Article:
Scratching?
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Thread: Scratching?

  1. #1

    Default Scratching?

    Id like some advice, ive been lurking youtube and watched a couple of videos but most of them left me just as confused. I already downloaded drum loops but as for the scratching, do i need to the download specific scratch smaples or do i just pick any random song? how important is closing and opening the fader? I have a ns6 so the platters arent a problem

  2. #2
    Tech Guru
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    there's a really good scratching thread in the vinyl forum.

    The fader is very important. Many scratches are mostly fader movements. Check out that thread, some of the guys document their learning process and what sites/vids they recommend.
    SSL - DJM 800 - Technic 1200's - X1 - ITCH - NS6 - VCI-300

  3. #3
    Tech Mentor DJSigma's Avatar
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    I wrote a beginner's guide to scratching here that you might find useful, although unfortunately the audio files that were originally part of the guide were lost when DJF went down: -

    http://www.djforums.com/forums/showt...ching-(repost)

    Hopefully the DJTT guys don't mind me linking to DJF.

    As for what samples/records to use, you can use anything you like! Here's a digital scratch record that a friend of mine made that you might find useful to get you started: -

    http://www.mediafire.com/?x7s44ygyxle4fdd

    Opening and closing the fader is very important. Scratching is made up from two things - the record movement, and opening/closing the fader which triggers bursts of sound, or in the case of some scratches like flares, inserts gaps into the sound.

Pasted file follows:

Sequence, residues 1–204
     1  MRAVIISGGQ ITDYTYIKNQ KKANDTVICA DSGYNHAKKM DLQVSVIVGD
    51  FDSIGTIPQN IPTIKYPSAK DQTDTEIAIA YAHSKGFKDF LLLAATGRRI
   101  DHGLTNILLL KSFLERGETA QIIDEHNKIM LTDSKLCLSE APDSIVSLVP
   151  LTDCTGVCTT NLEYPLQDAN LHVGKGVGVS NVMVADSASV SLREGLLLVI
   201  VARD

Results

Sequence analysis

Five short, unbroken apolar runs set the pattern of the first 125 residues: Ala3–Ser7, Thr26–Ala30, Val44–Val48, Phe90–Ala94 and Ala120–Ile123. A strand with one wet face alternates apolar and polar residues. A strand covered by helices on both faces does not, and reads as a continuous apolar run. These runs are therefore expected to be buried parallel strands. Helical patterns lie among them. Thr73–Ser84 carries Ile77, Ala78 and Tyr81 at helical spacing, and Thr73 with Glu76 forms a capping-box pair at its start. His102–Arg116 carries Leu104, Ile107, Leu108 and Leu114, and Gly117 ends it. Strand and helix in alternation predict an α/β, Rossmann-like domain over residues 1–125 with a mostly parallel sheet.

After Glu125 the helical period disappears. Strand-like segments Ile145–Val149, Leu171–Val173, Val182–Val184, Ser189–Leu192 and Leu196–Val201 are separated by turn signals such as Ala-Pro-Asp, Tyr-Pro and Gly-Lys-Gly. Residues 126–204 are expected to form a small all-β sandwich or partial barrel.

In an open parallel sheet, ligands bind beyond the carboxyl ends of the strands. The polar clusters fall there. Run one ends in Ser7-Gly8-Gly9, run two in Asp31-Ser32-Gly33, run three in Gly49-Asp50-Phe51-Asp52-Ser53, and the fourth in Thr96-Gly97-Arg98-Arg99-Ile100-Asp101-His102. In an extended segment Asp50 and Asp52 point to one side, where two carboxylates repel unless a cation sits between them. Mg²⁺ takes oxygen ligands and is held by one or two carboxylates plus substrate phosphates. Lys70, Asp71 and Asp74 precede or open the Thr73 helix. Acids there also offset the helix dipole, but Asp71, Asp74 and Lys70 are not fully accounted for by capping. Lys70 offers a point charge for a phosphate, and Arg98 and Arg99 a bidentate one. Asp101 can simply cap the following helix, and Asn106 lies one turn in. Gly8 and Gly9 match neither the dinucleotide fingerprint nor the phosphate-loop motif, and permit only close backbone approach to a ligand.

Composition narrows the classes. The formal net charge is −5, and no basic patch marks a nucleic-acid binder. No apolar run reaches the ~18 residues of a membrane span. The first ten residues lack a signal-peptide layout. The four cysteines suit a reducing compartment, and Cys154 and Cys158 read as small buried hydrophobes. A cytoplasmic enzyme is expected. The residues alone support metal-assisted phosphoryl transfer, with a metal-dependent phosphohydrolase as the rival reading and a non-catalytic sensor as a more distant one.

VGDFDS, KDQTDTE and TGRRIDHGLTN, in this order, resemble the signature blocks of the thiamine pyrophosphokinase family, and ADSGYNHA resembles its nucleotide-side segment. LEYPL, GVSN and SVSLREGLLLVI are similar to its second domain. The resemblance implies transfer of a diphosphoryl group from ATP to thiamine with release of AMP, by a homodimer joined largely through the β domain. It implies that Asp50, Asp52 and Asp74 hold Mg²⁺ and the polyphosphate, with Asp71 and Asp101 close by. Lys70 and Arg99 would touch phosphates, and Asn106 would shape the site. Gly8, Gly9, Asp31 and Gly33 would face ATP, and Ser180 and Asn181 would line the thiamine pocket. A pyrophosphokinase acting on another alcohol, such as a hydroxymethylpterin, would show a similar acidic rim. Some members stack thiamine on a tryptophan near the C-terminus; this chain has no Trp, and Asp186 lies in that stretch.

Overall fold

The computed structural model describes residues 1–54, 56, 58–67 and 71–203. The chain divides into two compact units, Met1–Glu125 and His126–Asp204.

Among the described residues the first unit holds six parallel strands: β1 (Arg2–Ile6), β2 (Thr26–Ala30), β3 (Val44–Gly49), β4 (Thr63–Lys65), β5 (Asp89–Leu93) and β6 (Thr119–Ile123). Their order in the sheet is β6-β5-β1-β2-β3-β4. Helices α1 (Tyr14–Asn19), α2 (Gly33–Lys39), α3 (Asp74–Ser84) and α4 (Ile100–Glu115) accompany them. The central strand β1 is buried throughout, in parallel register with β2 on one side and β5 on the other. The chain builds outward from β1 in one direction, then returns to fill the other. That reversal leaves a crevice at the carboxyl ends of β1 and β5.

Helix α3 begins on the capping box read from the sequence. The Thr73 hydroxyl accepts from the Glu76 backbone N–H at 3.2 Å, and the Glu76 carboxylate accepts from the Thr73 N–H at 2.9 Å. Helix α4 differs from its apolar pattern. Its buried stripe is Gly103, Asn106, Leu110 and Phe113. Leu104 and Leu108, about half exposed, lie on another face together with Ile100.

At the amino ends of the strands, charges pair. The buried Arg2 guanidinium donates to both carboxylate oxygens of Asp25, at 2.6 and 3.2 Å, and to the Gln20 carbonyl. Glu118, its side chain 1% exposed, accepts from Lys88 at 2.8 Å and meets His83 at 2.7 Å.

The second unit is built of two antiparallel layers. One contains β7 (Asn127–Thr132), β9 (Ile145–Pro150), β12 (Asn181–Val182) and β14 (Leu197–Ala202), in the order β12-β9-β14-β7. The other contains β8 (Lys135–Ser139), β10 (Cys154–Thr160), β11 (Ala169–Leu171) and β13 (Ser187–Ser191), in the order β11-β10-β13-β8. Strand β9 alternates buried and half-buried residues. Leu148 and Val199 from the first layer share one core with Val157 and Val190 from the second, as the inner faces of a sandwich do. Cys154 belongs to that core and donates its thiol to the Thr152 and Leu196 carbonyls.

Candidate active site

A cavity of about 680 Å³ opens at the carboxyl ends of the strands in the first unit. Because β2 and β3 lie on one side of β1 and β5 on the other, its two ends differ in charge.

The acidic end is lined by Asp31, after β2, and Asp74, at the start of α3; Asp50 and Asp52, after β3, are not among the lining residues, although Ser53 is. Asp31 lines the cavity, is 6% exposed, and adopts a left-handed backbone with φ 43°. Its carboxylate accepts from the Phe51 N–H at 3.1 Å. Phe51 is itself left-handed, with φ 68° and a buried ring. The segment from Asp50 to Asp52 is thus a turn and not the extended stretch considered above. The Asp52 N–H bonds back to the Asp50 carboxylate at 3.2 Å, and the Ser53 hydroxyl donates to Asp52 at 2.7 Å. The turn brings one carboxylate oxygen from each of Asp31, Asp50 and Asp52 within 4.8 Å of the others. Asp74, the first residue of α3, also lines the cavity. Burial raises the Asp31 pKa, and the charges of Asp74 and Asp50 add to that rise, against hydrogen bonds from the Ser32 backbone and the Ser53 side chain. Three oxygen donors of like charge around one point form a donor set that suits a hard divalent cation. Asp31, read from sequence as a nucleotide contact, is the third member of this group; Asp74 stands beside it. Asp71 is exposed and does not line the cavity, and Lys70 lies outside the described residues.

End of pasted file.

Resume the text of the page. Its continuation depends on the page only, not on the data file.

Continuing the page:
The best thing to do when you start out is this: -

    1. Start with the basics. Baby scratches. Forwards. Drags. Marches. Chirps. Those kinds of scratches. Don't try and skip ahead to all the fancy cuts that DJs are doing nowadays. If you read my guide, it breaks down each scratch in words so that you can understand the concept of what's going on. If that's no help, or you need more help, there's plenty of tutorials on YouTube. What you don't want to do is just move the platter around and open/close the fader randomly - I've heard n00b scratch DJs doing that and it just sounds awful - be focussed, as all of the crazy scratches you hear the top scratch DJs do are based on combinations of set techniques, so it's those techniques you need to learn, starting with the core basics.

    2. Pick a stock sample like ahhhhhhhhhhhh or fresh. Pick a beat that's slow-medium paced that you feel comfortable with. Then get down to the business of practicing, because it's all about muscle memory and repeating the same thing over and over until you have it down.

    So in short, start with the simplest scratches, make sure you understand how they are performed, then practice them until you can do them.

    A lot of people use beat loopers for beats. These are usually stand-alone programs for Windows (although you can find some for OS X too). All they do is allow you to click a button to play a beat, then that beat will play endlessly. It means you can just set a beat going and scratch. There's a bunch of them you can download here: -

    http://yourlooper.com/
    Last edited by DJSigma; 11-03-2012 at 08:25 PM.

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